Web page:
[41]        Plaintiff’s counsel repeatedly told the jury to cut through the fog, implying that much of the evidence called by the defendants was an attempt to obscure the truth. He appealed to the jury to decide the case on the basis of their sense of justice. He stated that people have a “sense of smell and of taste,” and that similarly the jury had a sense of justice such that they would remedy the wrong done to the plaintiff by the defendant.

[42]        Plaintiff’s counsel expressed his personal opinion that the plaintiff’s family were decent, honest people whom the jury must believe were telling the truth. He also expressed his opinion this was an honourable family who did not want the plaintiff to be a victim of negligence and did not want to bring a lawsuit against the defendants, hence, the decision to release the paramedics from the lawsuit without any compensation because there was no merit in the allegations against them.


[49]        I have no doubt that plaintiff’s counsel was doing all he could to advance the plaintiff’s case, a tragic one, before the jury. Nevertheless, his advocacy in closing crossed the permissible line in too many respects to rectify.

[50]        I have very reluctantly concluded that I have no alternative but to discharge the jury, despite the fact that they have heard four weeks of evidence in this trial.

The full decision can be found here:

Defence denied costs despite beating formal at jury trial

In reasons for judgment released today, the court in Bains v. Antle, 2017 BCSC 590, declined to award the defence costs despite beating its formal offer to settle.  In Bains, the plaintiff was awarded $37,800 by the jury at trial.  The defence had made a formal offer of $185,000 before trial.  In declining to award the defence its costs Madam Justice Power said:

[1]             After a ten-day jury trial in October 2016, the plaintiff was awarded by the jury, $37,800.00, an amount which was substantially less than what she was seeking and expected to receive at trial for chronic myofascial shoulder pain.


[3]             The defendants seek an order that the plaintiff have her costs up until the defendants’ first formal offer to settle and that the defendants be awarded their costs of the action thereafter with a set-off as appropriate.  The defendants argue that their formal offer of September 20, 2016 -- $185,000 of new money plus costs -- ought reasonably to have been accepted on the date it was delivered.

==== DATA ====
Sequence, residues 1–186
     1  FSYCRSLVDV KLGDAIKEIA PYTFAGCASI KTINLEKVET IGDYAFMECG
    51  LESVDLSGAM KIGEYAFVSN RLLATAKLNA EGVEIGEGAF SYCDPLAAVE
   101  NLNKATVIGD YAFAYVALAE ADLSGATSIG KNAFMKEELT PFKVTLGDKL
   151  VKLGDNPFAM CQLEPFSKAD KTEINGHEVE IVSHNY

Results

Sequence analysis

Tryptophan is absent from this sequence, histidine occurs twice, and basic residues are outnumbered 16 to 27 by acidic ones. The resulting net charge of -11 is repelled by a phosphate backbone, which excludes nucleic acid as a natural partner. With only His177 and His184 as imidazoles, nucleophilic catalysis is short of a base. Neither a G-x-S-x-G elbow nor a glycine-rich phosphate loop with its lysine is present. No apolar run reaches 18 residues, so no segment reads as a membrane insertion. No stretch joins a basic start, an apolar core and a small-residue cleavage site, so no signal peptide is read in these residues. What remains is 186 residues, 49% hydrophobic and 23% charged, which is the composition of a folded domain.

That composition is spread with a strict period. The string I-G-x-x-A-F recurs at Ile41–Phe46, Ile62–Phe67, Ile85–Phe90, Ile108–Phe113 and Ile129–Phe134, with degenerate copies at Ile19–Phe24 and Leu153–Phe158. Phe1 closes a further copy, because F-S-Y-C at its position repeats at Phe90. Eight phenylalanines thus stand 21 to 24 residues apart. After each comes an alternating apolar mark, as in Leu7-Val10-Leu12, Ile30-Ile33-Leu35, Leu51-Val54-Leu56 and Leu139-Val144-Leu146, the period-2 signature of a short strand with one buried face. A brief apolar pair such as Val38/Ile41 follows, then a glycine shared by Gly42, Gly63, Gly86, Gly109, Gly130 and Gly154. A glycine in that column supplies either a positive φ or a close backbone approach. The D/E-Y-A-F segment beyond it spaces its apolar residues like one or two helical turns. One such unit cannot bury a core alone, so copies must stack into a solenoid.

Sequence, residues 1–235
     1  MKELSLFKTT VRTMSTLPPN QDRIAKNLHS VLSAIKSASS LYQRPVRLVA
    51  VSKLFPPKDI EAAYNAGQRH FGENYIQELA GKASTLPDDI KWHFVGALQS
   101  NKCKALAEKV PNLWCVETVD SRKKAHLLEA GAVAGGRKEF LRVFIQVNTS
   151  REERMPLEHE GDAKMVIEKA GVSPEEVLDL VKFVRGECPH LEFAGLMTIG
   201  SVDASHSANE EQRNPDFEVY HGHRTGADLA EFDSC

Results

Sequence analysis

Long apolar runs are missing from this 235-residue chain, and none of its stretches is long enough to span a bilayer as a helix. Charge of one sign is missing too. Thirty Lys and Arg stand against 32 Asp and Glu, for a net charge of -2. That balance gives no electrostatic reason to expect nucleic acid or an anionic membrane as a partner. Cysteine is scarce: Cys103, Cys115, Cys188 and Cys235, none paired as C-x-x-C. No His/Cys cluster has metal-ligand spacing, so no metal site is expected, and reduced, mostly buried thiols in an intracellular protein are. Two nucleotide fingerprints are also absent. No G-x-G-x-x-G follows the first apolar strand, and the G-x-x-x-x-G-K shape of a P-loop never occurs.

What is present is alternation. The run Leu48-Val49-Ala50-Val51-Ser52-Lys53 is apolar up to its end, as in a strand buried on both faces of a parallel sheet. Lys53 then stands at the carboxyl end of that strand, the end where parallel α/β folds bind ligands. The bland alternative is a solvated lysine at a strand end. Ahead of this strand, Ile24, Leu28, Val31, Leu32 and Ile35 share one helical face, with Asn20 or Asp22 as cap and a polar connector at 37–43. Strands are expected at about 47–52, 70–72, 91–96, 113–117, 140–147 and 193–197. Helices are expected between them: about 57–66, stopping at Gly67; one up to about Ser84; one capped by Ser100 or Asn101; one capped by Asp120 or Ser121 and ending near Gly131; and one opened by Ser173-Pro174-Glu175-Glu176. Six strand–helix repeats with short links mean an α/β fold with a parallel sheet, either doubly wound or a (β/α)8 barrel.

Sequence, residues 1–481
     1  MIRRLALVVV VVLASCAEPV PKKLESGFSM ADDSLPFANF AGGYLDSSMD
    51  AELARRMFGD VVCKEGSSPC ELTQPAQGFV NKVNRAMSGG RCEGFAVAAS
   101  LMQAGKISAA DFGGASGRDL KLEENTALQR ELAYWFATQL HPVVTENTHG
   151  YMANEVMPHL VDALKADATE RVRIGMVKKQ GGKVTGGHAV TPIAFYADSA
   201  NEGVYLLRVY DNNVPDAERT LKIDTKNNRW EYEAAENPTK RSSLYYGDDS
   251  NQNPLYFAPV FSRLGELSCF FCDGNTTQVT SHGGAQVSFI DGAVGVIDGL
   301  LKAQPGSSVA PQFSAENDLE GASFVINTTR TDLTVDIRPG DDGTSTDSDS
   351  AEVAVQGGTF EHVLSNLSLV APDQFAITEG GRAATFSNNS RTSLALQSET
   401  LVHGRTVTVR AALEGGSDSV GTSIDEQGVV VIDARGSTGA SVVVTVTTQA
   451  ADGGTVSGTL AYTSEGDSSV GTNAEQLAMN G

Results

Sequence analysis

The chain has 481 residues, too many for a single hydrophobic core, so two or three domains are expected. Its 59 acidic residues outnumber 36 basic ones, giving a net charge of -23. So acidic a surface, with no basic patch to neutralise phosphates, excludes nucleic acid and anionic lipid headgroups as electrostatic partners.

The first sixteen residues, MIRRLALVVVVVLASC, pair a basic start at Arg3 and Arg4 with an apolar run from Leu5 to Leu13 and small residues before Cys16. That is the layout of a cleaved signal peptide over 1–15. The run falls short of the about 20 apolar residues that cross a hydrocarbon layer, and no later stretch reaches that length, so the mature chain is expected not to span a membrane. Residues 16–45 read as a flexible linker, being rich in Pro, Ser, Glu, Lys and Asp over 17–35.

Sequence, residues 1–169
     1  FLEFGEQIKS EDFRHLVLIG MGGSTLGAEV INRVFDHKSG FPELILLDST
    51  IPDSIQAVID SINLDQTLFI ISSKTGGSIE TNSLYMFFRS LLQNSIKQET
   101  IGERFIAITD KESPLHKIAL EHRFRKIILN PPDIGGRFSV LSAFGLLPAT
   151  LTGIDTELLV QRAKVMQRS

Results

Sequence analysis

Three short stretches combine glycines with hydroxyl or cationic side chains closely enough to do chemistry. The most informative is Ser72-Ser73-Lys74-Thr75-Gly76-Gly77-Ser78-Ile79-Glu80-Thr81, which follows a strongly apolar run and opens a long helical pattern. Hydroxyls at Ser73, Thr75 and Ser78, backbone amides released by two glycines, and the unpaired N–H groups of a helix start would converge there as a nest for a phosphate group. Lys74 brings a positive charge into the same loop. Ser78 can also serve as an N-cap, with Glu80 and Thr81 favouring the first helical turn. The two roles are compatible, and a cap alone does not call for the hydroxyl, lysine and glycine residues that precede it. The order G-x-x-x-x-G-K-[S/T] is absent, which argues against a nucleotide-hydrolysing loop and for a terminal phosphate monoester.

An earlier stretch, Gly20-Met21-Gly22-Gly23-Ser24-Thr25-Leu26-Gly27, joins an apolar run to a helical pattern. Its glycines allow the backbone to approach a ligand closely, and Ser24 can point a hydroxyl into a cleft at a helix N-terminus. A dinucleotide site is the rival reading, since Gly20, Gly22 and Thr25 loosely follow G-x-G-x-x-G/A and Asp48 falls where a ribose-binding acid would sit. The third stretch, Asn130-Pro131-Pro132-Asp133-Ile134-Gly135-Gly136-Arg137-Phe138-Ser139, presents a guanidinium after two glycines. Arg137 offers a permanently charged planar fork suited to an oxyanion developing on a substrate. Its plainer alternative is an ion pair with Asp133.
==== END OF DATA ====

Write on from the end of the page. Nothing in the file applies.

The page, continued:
[9]             The defendants served a single report which was a records review report of orthopedic surgeon Dr. John Hummel.  Dr. Hummell was not called to provide expert testimony at trial.

[15]         The plaintiff argues that neither of the defendants’ formal offers to settle was reasonable to accept in all of the circumstances.  The plaintiff was confident that she had a meritorious claim for substantial damages including loss of future earning capacity.  The plaintiff argues that the defendants’ responsive reports supported her claim.  The plaintiff argues that the defendants’ rebuttal expert, Ms. Claudia Walker, alone supported a fairly large claim for costs of future care.

[16]         The plaintiff argues that she has incurred tens of thousands of dollars for disbursements and that as a result of the trial, the family is financially devastated, requiring withdrawal of money from her children’s accounts.

[17]         The defence argues that the plaintiff went to court attempting to obtain over a million dollar award for a soft tissue injury.  The plaintiff took a gamble and lost, and it is this kind of action that is driving insurance rates up.  The defendants offered over five times what the jury awarded and it was a reasonable offer that ought to have been accepted on the date it was delivered.

[25]         Although some of the plaintiff’s initial negotiating positions were clearly inflated, and were tactical in nature and in that regard overly optimistic, I agree with the plaintiff that her decision not to accept the offer tendered by the defendants before trial was a reasonable one.  The evidence available to the plaintiff at the time that the settlement offers were rejected included expert reports in respect of past wage loss, loss of future earning capacity, and cost of future care.


[36]         It is my view that all of the financial evidence at trial supports the fact that the plaintiff was a person of modest means.  Having already concluded that the settlement offer was not one which ought to have reasonably been accepted, it is evident that an order requiring the plaintiff to either pay the well-funded defendants’ costs, or in the alternative denying the plaintiff her costs, from September 20, 2016 onwards, would result in a pyrrhic victory and could have the effect of discouraging plaintiffs from pursuing valid claims.

The full decision can be found here: